Boston Society of Natural History facts for kids
The Boston Society of Natural History (1830–1948) in Boston, Massachusetts, was an organization dedicated to the study and promotion of natural history. It published a scholarly journal and established a museum. In its first few decades, the society occupied several successive locations in Boston's Financial District, including Pearl Street, Tremont Street and Mason Street. In 1864 it moved into a newly constructed museum building at 234 Berkeley Street in the Back Bay, designed by architect William Gibbons Preston. In 1951 the society evolved into the Museum of Science, and relocated to its current site on the Charles River.
Founders of the society in 1830 included Amos Binney Jr.; Edward Brooks; Walter Channing; Henry Codman; George B. Emerson; Joshua B. Flint; Benjamin D. Greene; Simon E. Greene; William Grigg; George Hayward; D. Humphreys Storer; and John Ware. Several had previously been involved with the Linnaean Society of New England. By 1838, the society held "regular meetings on the 2nd and 4th Wednesday of each month." "In its collection are about 700 specimens in mineralogy and geology, besides the rich collection of Dr. C.T. Jackson, and the state collection; botany, 5,000; mammalia, 30 entire skeletons and 30 crania; birds, 200 species; reptiles, 130; insects, about 15,000; crustacea, 130; radiata, 190. Library, 600 volumes and pamphlets. The room ... gratuitously opened to the public every Wednesday from 12 to 2 o'clock."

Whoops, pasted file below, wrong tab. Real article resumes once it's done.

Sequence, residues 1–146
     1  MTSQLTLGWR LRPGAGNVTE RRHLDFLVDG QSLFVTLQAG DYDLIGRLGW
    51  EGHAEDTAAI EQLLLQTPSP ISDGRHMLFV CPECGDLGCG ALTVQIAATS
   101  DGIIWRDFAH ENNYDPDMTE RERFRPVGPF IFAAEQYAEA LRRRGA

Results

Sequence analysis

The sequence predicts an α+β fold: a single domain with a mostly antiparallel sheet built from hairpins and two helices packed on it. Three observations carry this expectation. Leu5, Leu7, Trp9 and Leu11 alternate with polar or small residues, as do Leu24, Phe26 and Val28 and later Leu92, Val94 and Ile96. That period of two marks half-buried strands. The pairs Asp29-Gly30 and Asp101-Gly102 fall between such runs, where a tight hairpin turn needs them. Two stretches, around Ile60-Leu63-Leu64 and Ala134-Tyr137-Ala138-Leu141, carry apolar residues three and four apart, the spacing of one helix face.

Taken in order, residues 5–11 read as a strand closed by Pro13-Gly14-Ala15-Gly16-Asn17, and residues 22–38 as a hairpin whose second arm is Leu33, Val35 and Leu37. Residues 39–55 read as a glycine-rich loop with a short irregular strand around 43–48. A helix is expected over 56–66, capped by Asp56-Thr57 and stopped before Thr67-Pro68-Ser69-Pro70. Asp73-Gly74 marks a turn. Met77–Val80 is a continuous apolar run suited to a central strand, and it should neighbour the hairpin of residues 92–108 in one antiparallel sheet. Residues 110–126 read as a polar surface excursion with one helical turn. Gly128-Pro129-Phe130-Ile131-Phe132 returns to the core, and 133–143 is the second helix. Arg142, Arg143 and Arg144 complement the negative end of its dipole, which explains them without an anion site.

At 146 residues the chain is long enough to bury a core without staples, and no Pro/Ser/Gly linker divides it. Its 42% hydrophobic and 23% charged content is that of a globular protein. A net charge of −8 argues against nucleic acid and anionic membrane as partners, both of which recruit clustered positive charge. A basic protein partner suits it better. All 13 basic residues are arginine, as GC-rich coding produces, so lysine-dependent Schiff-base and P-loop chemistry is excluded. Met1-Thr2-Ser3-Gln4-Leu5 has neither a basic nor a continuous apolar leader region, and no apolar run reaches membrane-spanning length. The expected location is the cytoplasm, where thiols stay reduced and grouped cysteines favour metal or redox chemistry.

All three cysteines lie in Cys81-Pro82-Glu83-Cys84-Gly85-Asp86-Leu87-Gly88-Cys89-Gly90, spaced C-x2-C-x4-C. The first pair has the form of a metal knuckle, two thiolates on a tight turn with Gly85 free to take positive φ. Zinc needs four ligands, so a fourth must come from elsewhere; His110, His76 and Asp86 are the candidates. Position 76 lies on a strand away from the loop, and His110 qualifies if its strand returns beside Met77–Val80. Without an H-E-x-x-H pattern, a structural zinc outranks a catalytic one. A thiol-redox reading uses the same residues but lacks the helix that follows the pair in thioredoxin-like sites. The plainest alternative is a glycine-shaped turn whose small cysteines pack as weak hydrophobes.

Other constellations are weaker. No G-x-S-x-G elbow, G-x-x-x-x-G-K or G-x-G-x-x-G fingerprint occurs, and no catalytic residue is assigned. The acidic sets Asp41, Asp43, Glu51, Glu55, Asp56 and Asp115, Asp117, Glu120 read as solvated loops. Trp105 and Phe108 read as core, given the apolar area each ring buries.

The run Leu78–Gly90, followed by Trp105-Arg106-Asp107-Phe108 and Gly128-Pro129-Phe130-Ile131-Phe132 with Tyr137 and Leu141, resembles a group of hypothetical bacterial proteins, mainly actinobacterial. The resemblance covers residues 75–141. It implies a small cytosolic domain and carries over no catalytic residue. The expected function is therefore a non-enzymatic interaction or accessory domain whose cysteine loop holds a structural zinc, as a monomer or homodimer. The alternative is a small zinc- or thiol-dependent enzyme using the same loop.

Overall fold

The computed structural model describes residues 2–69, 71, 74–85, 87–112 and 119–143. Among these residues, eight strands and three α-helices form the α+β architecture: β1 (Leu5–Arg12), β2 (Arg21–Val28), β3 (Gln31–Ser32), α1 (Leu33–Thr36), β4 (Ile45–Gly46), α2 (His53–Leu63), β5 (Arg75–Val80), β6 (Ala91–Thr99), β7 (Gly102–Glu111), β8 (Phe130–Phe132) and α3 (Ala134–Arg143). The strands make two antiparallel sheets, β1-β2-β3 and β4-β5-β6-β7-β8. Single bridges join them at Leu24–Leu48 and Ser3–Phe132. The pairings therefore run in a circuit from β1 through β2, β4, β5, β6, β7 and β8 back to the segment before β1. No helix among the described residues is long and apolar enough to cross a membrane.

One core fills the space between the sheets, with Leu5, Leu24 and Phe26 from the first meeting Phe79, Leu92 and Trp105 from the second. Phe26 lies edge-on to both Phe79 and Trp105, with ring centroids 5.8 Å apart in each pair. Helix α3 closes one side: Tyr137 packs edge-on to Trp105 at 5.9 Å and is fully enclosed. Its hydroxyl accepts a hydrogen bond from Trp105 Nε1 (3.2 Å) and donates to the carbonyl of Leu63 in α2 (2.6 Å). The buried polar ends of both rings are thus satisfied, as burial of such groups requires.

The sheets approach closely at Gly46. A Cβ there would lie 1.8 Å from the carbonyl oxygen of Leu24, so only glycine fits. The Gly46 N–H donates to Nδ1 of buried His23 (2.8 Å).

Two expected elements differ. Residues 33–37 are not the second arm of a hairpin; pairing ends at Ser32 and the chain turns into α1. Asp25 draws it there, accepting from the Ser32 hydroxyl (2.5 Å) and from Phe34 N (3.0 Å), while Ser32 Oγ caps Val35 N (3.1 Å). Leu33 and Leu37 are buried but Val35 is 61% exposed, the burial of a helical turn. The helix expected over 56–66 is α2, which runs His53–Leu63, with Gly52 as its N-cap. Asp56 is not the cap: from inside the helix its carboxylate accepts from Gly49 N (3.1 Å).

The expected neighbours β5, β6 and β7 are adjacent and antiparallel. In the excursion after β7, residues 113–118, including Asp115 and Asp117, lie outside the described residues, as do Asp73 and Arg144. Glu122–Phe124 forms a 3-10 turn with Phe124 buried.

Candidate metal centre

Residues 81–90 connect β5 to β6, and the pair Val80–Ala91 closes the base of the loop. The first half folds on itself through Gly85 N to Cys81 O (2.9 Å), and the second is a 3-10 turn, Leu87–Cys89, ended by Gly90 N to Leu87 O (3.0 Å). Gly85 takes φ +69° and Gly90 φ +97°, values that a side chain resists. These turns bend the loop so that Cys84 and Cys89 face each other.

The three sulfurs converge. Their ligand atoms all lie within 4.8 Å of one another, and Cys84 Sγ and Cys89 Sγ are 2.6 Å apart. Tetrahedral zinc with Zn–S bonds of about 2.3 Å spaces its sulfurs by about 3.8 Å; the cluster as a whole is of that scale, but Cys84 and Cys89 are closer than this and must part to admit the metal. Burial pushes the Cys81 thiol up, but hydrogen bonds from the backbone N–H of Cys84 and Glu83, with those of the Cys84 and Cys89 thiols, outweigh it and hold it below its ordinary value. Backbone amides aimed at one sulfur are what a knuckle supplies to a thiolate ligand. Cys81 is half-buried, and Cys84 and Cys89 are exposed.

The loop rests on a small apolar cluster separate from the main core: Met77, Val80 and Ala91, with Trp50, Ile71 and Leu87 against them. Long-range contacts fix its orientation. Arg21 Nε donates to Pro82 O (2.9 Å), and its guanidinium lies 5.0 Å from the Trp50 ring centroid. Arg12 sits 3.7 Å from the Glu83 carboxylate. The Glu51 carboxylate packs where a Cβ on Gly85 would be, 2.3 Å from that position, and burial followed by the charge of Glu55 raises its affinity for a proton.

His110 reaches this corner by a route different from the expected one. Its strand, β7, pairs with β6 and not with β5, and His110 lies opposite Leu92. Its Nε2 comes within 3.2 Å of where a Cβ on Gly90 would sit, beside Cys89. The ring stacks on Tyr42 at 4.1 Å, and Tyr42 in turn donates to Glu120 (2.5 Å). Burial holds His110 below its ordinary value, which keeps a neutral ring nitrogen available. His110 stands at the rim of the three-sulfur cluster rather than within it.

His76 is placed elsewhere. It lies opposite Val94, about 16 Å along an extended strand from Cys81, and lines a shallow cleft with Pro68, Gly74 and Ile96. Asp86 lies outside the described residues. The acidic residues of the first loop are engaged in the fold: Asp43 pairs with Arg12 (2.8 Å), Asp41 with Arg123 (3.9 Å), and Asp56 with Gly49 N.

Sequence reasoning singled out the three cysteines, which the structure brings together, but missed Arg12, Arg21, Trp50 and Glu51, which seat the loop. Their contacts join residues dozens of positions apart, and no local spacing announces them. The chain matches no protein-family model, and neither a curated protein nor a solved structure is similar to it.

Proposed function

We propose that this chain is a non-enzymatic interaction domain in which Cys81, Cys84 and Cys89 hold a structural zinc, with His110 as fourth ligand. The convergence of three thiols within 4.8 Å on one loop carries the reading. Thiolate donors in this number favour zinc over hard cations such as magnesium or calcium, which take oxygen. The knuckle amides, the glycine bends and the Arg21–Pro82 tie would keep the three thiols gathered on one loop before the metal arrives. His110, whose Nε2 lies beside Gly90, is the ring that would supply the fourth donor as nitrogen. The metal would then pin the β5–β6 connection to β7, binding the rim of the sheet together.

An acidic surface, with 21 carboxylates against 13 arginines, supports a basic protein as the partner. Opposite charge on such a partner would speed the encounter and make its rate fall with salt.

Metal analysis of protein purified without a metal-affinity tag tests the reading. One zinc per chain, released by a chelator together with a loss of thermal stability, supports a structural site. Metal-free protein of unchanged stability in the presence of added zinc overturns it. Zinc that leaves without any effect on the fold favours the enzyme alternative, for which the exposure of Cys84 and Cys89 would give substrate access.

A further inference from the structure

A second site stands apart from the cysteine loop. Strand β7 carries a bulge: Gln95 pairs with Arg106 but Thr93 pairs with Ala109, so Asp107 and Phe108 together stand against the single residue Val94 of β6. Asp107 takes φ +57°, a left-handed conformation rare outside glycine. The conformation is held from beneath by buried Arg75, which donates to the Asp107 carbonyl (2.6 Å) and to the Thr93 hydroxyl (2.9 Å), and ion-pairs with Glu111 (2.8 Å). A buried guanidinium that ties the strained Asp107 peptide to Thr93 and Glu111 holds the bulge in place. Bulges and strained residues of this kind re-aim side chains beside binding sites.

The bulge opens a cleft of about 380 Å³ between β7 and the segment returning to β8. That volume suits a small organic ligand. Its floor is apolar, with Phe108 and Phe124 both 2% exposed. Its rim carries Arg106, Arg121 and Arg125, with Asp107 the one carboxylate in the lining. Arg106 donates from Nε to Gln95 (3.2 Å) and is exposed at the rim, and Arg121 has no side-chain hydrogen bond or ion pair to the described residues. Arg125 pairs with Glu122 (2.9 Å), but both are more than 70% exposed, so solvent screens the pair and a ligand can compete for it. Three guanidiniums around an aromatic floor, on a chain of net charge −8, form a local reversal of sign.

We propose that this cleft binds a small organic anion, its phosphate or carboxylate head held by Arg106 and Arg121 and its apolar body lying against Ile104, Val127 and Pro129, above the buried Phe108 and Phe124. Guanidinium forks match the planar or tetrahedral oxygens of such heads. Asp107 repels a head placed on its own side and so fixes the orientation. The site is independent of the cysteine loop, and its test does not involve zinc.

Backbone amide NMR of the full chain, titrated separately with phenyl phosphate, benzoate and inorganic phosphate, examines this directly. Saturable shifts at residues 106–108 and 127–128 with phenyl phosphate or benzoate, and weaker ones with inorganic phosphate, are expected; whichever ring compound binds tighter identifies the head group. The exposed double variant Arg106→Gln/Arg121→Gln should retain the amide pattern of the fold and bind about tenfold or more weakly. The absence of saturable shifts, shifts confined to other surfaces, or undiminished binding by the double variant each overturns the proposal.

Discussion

Among the many scholars and curators affiliated with the society: Alexander Emanuel Agassiz; T.T. Bouvé; Thomas Mayo Brewer; George Emerson; A.A. Gould; F.W.P. Greenwood; Charles Thomas Jackson; Charles Sedgwick Minot; Albert Ordway; Samuel Hubbard Scudder; Charles J. Sprague; Alpheus Hyatt, and Jeffries Wyman.
"After World War II, under the leadership of Bradford Washburn, the society sold the Berkeley Street building, changed its name to the Boston Museum of Science. ... The cornerstone for the new Museum was laid at Science Park [in 1949] and a temporary building was erected to house the Museum's collections and staff. In 1951, the first wing of the new Museum officially opened."
Boston Athenaeum building, Pearl Street, Boston, home to the BSNH in the early 1830s
Boston Society of Natural History Facts for Kids. Kiddle Encyclopedia.